Vasu Nair, Ph.D., D.Sc.
CDD Director and Associate Dean for Research, GRA Eminent Scholar
UGA Center for Drug Discovery
|B.S. (with Honors)||University of Otago||Dunedin, New Zealand|
|Ph.D||University of Adelaide||Adelaide, Australia|
|D.Sc. Degree||University of Adelaide||Adelaide, Australia|
- Post-doctoral Experience
- Postdoctoral Research Fellow, Harvard University, Cambridge (with Nobel Laureate R.B. Woodward)
Postdoctoral Associate, University of Illinois, Urbana
- Honors and Awards
- 2008 Inventor of the Year, University of Georgia
Recipient of the Volwiler Award for Outstanding Contributions in Research, AACP, 2007
Georgia Research Alliance Eminent Scholar, 2002-present
Board of Directors, International Society for Antiviral Research, 2003-2007
William Henry Terry, Sr., Chair in Drug Discovery, 2002-present
Head, University of Georgia Department of Pharmaceutical and Biomedical Sciences, 2002-2010
Recipient of the Midwest Award of the American Chemical Society, 2001
Invited Co-Chair, HIV Therapeutics, in “Summit on Development of Infectious Disease Therapeutics,” Bethesda, MD, NIH Conference, 2000
University of Iowa Award for Excellence in Teaching, 1999
Elected Fellow, American Association for the Advancement of Science (AAAS), 1998
Council Member, Gordon Research Conferences, 1998-1999
Editorial Board, Antiviral Chemistry and Chemotherapy, Medicinal Research Reviews, ARKIVOC and Nucleosides, Nucleosides and Nucleic Acids
Mentioned in "2000 Outstanding Scientists of the 20th Century"
Charter Member, AIDS and Related Research Study Section (NIAID), NIH, 1994-98
University of Iowa Foundation Distinguished Professor of Chemistry, 1993-2002
- Research Interests
- Medicinal chemistry, chemical biology and drug discovery, conceptually new compounds with antiviral activities against DNA and RNA viruses including emerging viruses and retroviruses (HIV), molecules with activity against multi-drug resistant tuberculosis.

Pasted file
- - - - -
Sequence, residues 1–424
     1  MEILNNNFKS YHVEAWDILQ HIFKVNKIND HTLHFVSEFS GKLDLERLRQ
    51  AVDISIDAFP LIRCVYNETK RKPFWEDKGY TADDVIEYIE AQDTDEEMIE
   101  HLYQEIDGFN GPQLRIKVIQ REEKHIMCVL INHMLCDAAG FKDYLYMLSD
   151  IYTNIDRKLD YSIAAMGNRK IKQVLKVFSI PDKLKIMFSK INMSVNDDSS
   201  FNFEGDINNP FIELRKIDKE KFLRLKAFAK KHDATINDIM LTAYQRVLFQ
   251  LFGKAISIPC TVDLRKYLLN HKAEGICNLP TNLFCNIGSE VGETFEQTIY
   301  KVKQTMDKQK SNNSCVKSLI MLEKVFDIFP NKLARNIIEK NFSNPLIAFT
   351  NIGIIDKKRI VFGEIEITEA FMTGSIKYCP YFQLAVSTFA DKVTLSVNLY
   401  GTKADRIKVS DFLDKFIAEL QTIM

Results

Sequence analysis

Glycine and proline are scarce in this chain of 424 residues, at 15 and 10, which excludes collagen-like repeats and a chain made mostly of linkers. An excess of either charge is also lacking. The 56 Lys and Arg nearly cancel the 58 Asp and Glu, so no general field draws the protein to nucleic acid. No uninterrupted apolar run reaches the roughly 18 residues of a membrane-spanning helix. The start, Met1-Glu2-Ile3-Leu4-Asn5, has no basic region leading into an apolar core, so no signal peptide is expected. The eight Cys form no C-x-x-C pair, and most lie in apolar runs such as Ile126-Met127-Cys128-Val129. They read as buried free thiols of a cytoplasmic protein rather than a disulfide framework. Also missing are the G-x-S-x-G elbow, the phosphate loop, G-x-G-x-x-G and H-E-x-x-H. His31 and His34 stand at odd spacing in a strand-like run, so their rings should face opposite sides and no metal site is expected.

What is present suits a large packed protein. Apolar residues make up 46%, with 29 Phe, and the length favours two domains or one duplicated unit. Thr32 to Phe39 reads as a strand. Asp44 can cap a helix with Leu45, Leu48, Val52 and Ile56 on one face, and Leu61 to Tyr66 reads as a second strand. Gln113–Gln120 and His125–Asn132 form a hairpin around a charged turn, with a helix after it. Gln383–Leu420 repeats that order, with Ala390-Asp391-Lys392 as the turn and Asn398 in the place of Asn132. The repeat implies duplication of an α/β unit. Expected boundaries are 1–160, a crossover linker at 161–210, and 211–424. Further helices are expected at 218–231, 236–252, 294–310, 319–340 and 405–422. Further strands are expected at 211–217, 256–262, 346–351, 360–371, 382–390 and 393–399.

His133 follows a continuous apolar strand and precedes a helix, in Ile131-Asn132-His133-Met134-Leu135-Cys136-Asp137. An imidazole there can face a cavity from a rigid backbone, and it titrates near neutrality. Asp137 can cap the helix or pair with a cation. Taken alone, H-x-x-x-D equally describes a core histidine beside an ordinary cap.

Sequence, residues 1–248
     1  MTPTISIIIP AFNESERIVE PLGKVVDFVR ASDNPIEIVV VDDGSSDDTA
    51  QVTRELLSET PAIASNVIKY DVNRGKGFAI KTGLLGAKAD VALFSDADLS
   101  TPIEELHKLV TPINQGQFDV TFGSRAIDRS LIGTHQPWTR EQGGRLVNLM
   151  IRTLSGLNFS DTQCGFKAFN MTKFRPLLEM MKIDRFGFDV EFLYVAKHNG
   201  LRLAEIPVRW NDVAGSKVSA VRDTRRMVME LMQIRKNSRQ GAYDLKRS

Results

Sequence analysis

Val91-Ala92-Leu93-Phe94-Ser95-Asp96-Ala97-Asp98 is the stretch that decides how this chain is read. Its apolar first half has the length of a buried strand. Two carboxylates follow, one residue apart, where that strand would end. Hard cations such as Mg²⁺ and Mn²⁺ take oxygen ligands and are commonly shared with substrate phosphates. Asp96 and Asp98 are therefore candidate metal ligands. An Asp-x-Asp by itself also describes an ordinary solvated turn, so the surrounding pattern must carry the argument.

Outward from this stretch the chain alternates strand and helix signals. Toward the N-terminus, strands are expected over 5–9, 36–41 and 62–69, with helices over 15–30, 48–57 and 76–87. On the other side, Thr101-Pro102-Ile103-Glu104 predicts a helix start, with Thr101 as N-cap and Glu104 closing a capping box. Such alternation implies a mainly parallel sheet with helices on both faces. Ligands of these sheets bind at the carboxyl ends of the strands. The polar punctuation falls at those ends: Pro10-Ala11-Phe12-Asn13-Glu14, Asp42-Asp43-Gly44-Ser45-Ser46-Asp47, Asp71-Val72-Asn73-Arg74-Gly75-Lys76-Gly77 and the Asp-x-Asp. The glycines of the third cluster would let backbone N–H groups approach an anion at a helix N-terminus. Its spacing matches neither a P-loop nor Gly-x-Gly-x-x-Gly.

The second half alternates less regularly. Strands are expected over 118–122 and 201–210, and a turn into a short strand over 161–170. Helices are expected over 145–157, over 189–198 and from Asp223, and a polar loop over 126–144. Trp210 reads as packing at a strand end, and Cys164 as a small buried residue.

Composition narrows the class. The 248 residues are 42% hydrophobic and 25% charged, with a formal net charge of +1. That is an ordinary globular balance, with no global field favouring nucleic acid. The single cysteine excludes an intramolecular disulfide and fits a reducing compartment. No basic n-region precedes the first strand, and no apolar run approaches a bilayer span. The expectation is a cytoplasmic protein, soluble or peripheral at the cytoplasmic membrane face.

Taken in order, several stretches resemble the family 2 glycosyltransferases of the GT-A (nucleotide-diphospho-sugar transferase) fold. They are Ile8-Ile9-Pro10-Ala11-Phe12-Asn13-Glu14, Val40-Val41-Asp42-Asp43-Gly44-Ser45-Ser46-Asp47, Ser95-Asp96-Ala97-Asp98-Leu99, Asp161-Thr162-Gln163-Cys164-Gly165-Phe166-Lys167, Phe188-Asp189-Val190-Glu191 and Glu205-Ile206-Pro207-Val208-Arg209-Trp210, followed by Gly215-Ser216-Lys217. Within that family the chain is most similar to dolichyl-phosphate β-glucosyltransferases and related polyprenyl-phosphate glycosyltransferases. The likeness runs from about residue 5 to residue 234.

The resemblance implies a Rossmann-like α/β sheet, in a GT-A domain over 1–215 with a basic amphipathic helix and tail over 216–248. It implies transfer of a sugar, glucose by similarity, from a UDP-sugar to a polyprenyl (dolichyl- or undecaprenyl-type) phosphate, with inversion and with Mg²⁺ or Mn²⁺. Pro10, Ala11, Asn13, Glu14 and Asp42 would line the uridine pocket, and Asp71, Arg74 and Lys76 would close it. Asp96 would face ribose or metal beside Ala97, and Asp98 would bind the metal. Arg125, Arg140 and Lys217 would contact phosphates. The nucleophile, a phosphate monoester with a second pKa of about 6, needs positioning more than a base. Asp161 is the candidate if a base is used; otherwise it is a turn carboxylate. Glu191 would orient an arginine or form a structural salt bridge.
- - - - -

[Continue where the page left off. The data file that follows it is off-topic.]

Research efforts in my laboratory are concerned with the chemistry and biology of nucleosides, nucleotides and related compounds with particular emphasis on the discovery of novel molecules of antiviral therapeutic interest. Application of molecular recognition concepts to viral genes and enzymes form the basis for our drug design work. Chemoenzymatic methods are utilized for the synthesis of new inhibitors targeted at DNA and RNA viruses, including retroviruses such as HIV. Key enzymes of nucleoside and nucleotide metabolism of interest include deaminases, transferases, kinases, phosphodiesterases, and nucleic acid polymerases. Interdisciplinary antiviral studies are performed through national and international collaborative arrangements. One example of success in our quest for new antiviral molecules is the discovery of a compound called an isonucleoside that is potently active against retroviruses (lentiviruses). Its triphosphate is one of the most potent known inhibitors of the viral enzyme, HIV reverse transcriptase. A more recent example of success is the discovery of potent inhibitors of HIV integrase. This viral enzyme is involved in the integration of viral DNA into human DNA, the most devastating step in the attack of human cells by HIV. Blocking the biochemical mechanism of action of this enzyme is a logical approach to preventing this viral DNA invasion of the human system. We have discovered stable (i.e., nuclease-resistant), conceptually-novel dinucleotides (miniature surrogate DNA molecules) that are recognized by wild-type HIV integrase and that have strong inhibitory activity against the viral enzyme. In more recent work, we have designed and synthesized novel molecules constructed on nucleobase scaffolds that inhibit both steps of HIV integrase action. A few of these compounds have been found to exhibit highly potent anti-HIV activity. Other investigations in our laboratory have focused on drug discovery against infectious RNA viruses, with particular emphasis on the virus families, paramyxoviridae, flaviviridae and filoviridae. The enzyme, IMPDH, is used as a probe for RNA antiviral drug discovery. In the last few years, his research has also focused on dual mechanism of active therapeutic agents.